Continue growing the plant as horizontally as you can until the flowering stage.

Flowering Stage

When to initiate the flowering stage comes down to dealer's choice. Some growers measure by how much of the screen is covered, waiting until 70% canopy cover to begin flowering; others initiate when the first budding site hits the screen. And still another may set a date on the calendar — after 14 days of tucking and threading--before they begin. If this is your first time, it is recommended you stick with whatever growing schedule you’ve used in the past to minimize new factors in your experiment. If this is your first time growing, then check out our guide and follow your heart.

Remember, though, the plant’s limbs will continue to grow for a couple more weeks into the flowering cycle. If you let them grow straight up, then you produce less of a “screen of green” and more of a scaffold for one winky plant. To produce a proper ScrOG, you’ll need to gently tuck these budding sites back down to continue encouraging the plant to grow horizontally. 

A single cannabis plant with a Screen of Green (ScrOG) over it
Once the plant begins to grow over the scrog, you will want to begin tucking the plants downwards in order to maintain "the screen of green".

Eventually, you will let them grow up through the nearest square in your screen, but if they’re all growing two feet over the screen, then what has all this been for?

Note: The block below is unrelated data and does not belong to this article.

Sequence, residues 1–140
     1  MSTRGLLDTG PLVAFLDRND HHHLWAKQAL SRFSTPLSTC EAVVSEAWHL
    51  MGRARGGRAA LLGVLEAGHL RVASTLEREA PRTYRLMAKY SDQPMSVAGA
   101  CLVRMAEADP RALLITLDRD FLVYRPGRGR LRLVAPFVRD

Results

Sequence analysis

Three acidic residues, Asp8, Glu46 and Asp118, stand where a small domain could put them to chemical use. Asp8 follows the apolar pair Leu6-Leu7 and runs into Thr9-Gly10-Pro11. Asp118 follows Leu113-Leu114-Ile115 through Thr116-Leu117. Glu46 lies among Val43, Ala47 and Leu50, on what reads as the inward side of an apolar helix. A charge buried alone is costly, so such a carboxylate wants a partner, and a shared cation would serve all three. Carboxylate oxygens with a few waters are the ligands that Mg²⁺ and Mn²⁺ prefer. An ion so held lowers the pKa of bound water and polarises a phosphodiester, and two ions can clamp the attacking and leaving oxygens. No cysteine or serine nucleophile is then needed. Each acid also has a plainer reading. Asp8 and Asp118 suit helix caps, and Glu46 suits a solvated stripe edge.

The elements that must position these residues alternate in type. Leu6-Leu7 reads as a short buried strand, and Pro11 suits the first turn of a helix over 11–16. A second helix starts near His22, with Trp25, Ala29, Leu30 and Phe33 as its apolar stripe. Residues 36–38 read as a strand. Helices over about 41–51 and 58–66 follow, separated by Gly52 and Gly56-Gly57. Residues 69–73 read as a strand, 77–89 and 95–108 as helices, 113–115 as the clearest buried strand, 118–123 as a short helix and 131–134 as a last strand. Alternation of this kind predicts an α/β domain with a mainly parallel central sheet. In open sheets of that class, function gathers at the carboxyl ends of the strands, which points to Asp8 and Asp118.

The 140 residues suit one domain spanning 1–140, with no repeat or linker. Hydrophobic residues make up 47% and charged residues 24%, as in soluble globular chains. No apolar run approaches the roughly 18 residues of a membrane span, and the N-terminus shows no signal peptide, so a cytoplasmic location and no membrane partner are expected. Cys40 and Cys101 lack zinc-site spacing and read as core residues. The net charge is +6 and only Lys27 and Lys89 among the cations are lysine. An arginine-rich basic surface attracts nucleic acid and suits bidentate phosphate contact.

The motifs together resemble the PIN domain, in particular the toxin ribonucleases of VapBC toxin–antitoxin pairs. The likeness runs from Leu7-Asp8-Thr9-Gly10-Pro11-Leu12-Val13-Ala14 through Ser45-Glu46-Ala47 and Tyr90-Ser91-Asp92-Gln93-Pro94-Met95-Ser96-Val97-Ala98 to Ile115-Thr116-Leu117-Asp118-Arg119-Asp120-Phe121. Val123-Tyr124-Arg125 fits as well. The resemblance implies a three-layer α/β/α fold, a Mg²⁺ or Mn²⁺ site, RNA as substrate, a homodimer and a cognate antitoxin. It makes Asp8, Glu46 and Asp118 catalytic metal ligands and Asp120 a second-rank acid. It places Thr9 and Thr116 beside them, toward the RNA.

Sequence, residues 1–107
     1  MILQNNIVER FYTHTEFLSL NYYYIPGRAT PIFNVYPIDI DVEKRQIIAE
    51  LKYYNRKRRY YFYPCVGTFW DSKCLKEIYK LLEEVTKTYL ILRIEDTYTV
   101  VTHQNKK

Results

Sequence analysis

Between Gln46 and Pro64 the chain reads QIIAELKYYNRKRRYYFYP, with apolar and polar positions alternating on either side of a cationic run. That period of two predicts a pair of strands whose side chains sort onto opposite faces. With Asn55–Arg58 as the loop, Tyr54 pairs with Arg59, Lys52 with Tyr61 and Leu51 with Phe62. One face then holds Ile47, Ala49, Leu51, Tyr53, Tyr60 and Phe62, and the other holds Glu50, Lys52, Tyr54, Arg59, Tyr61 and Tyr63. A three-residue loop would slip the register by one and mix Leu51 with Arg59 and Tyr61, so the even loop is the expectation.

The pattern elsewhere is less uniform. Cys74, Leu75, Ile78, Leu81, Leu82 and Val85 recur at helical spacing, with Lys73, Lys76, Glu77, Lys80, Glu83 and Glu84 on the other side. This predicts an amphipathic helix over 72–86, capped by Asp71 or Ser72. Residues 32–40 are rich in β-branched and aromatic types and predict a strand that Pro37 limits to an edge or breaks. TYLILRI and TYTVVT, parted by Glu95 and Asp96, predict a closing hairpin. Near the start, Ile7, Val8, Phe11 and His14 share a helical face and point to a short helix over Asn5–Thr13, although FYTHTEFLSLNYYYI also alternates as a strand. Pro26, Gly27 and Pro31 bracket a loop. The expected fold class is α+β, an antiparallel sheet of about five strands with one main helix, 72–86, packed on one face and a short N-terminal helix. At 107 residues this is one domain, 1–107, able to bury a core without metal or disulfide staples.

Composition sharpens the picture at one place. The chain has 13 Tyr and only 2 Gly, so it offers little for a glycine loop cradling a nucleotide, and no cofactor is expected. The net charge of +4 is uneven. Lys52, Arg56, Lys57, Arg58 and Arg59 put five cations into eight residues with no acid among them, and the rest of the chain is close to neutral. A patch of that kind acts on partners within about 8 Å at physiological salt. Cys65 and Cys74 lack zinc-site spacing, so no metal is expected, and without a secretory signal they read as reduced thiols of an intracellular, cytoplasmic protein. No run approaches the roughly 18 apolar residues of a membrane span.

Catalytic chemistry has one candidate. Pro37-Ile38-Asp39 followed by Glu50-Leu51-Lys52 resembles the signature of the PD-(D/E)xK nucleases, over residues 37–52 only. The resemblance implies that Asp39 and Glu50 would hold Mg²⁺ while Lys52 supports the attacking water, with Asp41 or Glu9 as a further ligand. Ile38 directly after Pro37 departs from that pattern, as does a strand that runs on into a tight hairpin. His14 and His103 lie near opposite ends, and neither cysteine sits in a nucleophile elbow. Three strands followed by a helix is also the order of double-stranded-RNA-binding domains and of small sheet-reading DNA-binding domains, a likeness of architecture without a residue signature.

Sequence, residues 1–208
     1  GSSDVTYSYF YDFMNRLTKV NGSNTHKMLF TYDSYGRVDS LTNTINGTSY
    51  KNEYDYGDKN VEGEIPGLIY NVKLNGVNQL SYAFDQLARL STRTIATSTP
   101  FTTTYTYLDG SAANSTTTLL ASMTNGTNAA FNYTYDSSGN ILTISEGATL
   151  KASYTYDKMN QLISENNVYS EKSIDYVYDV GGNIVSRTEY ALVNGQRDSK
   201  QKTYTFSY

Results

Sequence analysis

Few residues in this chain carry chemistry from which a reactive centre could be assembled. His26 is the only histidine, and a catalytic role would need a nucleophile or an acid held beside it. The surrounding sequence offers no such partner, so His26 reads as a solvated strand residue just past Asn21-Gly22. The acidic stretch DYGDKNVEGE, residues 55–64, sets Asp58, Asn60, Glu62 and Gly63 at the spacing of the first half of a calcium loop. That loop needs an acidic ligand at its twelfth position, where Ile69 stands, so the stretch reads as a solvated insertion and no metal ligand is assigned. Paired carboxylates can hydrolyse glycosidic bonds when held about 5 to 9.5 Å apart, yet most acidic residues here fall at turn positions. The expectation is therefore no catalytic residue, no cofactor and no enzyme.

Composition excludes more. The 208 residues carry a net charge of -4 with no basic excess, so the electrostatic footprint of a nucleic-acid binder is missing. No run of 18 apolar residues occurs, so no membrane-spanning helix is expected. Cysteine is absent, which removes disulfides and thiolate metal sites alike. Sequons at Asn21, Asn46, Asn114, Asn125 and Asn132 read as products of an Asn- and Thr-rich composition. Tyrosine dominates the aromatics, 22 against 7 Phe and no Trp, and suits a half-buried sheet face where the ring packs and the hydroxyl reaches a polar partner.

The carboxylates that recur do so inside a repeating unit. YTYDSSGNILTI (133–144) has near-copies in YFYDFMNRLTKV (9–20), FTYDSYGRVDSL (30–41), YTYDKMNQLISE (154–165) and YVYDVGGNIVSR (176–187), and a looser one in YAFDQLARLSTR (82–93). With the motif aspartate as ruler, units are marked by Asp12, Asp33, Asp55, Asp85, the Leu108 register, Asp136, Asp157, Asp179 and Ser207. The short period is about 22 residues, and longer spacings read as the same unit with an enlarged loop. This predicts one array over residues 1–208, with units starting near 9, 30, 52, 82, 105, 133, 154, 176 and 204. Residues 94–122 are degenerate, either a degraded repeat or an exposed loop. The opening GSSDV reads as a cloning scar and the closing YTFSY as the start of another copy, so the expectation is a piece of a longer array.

Be gentle tucking the plants down one hole and threading them through others. This part of the process is laborious, but it’s also the name of the game. The effort will be worth it. This is where your plant is finally shaped through the screen. It’s all downhill from here, so don’t be in a rush to get this daily work over with.

Some growers opt to thread protruding branches back through the screen, weaving them up and down. Tucking is tidier, but whatever gets the plant growing horizontally should work.

Conclusion

From there, the growing process is largely the same as it would be without a screen, with temperatures between 65-85° F, a pH between 5.5 and 7, and the usual suspects of nutrients.

After splitting your main colas through “topping,” you may find that they are not as big as some other “main” colas you’ve grown, but what little weight you lose there should be more than made up for by the lower colas producing like tops. A good screen of green will grow evenly across the canopy, with no budding site prioritized by height or light.


What are your tips for making a ScrOG setup? Share them in the comments!


Trevor Ross Trevor Ross

Trevor Ross is a writer, medical marijuana patient and cannabis advocate. He holds an MFA in writing from the School of the Art Institute of Chicago. He has previously worked as a copywriter, a teacher, a bartender, and followed Seattle sports for SidelineBuzz. Originally from Washington state, you can find him now working in his garden or restoring his house in Scranton, PA, and he can be reached through LinkedIn.